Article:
W.D.Mich.: With no evidence to rebut the prosecution evidence def consented to search of his person, the govt met its burden of proof on consent

“In this case, Defendant expressly indicated that he does not dispute the validity of his consent, but solely the scope of that consent. Detective Fox testified that he asked for Defendant’s general consent to search his person and that Defendant said that he could conduct a search. No evidence was provided to this Court to rebut Detective Fox’s testimony. No evidence was provided to suggest that Defendant’s consent was withheld or involuntary. And no evidence was provided to suggest that Defendant otherwise limited the scope of Detective Fox’s search to a pat-down for weapons. With no evidence to the contrary, and finding Detective Fox to have given credible testimony, the Court finds that defendant did consent to a search of his person and did not take steps to limit that search in the process.” United States v. Darden-Mosby, 2022 U.S. Dist. LEXIS 34684 (W.D.Mich. Feb. 28, 2022).*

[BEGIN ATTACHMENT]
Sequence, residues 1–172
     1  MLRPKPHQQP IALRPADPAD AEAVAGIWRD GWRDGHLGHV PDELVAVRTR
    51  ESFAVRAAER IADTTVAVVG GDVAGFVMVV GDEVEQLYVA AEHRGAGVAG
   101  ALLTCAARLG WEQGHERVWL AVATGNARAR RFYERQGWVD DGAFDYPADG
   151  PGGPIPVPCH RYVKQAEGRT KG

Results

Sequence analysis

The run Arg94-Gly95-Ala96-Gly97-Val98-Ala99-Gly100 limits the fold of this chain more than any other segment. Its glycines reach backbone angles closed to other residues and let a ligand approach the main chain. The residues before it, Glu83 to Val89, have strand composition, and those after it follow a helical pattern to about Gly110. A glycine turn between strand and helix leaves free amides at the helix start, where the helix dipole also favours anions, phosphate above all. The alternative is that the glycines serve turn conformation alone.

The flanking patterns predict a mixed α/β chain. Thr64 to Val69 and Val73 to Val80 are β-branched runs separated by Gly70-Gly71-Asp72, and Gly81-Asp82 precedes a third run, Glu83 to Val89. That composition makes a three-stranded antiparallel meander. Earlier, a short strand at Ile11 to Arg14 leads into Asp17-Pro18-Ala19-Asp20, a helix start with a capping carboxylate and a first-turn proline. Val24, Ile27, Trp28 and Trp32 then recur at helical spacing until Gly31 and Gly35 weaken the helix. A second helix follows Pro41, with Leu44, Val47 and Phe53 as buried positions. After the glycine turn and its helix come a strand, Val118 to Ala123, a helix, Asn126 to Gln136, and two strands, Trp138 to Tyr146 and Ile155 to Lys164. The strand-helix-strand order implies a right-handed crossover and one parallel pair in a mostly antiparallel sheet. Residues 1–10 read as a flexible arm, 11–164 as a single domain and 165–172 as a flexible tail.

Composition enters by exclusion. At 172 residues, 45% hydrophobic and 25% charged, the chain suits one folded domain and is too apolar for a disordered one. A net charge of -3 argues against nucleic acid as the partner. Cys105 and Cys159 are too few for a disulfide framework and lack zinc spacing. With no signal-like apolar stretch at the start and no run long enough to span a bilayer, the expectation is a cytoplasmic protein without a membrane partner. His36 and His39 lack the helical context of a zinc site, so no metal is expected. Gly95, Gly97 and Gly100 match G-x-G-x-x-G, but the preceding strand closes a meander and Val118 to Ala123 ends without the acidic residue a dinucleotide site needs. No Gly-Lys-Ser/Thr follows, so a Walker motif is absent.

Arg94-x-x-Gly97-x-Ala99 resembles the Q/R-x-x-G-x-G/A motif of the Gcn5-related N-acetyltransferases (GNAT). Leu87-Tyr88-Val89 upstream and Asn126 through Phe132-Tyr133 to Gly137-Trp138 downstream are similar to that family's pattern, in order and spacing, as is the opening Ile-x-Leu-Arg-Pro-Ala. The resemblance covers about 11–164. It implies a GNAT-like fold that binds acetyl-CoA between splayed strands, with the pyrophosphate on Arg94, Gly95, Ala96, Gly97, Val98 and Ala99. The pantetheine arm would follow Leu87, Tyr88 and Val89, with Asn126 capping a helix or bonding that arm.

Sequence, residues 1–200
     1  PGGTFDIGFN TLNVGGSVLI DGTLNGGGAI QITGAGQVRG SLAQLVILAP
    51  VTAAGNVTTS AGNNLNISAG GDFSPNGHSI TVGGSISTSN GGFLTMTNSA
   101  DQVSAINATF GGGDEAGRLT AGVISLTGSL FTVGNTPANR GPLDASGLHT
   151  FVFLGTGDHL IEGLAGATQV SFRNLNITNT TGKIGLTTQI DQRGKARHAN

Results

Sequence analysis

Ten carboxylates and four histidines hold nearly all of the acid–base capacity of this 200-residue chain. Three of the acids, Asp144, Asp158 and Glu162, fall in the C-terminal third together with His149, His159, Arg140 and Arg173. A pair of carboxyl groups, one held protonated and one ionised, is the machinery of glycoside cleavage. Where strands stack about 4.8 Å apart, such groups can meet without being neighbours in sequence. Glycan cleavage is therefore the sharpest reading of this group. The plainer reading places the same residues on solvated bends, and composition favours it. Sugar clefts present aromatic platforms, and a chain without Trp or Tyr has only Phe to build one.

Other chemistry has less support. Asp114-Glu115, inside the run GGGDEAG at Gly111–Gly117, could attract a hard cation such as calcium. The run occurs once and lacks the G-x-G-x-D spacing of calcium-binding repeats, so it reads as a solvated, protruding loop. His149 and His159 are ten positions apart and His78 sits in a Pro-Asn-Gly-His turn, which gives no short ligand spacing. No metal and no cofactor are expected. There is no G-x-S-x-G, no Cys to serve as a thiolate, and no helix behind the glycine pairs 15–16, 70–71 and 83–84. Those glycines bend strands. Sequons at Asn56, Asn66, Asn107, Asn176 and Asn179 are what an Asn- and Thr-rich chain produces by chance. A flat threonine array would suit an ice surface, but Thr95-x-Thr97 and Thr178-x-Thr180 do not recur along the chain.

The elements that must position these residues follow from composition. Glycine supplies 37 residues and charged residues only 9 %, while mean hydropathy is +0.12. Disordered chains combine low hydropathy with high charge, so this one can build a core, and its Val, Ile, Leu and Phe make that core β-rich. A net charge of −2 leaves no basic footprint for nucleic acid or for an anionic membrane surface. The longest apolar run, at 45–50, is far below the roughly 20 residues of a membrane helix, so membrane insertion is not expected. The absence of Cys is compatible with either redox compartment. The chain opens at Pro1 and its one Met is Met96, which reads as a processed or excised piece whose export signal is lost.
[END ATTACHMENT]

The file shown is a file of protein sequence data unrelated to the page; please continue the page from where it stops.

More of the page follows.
Defendant was stopped for a traffic offense, and told the officer he was going to work in oil fields. The rental car (with a five-day rental) had no visible luggage and looked like it was for a short drug run. The officer correctly concluded that was all reasonable suspicion. The five-day rental didn’t match the story. United States v. Imhoff, 2022 U.S. App. LEXIS 5232 (9th Cir. Feb. 28, 2022).* (This could have gone either way in the district court.)

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